"Because trees and timber have become more valuable than they once were, it's encouraged people to put more management effort into it. Therefore they're getting more volume per acre, better wood characteristics, better growth than we got 20 years ago,"

In a related story, loggers in Wisconsin, Canada and Brazil have developed a technique to log under water. This was prompted by the fact that some of the finest wood in the world sits on the bottom of lakes and rivers. Thousands of logs of red birch, grey elm, oak and maple, for example, are sitting on the bottom of Lake Superior, perfectly preserved by the cold waters.

How did those logs get to the bottom of Lake Superior in the first place? At the turn of the century, northern Wisconsin was the top timber-producing state in the U.S. In a single winter in the 1890s, 10,000 men logging the area cut more than 500 million feet of wood. Huge loads of logs were hauled from logging camps to the lake and some sank in the process.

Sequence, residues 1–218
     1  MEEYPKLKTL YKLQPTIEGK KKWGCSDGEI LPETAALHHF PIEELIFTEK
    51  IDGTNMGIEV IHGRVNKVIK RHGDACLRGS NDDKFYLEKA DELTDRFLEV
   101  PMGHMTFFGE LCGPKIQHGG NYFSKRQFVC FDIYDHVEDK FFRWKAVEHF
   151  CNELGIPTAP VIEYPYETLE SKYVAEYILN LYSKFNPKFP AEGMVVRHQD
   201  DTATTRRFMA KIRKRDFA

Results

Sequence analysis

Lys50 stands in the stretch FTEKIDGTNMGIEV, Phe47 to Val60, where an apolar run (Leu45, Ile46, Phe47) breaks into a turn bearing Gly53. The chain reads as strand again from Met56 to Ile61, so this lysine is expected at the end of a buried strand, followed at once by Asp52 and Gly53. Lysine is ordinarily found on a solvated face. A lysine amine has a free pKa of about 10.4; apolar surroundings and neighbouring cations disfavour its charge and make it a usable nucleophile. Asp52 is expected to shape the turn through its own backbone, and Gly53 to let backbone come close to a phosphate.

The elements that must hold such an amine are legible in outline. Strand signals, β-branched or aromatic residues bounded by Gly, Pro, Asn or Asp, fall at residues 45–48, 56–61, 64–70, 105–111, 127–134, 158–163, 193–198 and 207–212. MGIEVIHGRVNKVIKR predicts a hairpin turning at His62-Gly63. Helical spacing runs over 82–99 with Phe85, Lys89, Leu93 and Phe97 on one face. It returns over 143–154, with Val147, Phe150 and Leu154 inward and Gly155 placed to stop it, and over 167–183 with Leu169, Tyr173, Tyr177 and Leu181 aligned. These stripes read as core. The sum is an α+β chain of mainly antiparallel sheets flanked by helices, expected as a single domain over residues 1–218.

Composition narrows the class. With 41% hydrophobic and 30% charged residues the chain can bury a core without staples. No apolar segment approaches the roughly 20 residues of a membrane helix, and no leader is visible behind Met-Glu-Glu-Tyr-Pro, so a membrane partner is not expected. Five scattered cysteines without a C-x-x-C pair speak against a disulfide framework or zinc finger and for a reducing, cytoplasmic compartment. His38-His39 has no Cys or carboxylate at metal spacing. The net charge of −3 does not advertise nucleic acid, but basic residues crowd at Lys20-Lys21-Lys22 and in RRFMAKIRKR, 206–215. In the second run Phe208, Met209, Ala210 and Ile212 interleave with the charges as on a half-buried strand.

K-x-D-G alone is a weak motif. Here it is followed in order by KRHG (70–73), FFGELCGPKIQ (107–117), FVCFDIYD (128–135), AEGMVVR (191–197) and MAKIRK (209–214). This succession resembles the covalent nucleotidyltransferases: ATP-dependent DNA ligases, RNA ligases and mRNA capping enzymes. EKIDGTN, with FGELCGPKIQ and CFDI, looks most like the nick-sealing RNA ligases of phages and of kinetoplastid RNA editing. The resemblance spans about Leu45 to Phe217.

Wisconsin state Rep. Barb Linton sponsored the legislation allowing the deep-water harvesting by such companies as SUPERIOR WATER-LOGGED COMPANY of Wisconsin. "Treasure hunter" and owner Scott Mitchen explains that sophisticated side-scan sonar is used to map what's on the lake bottom. When logs are located, divers are sent down as deep as 60 feet to attach airbags to the logs, which, when inflated, easily pull the logs to the surface where they are loaded onto barges by floating cranes. Once landed, the logs are sent to sawmills to be milled and dried.

The harvesting of sunken logs and deadheads provides a double service: it makes use of a resource that would otherwise be wasted, and clears boating lanes of possible hazards. Craftsmen all over the world are paying top dollar to make musical instruments and fine furniture from this ancient wood. Country star Johnny Cash, for example, plays a guitar made from this ancient wood. (JG)


(Sources: Elaine Robbins, E MAGAZINE, May-June/97; REUTERS via CNN ONLINE, 7/15/97)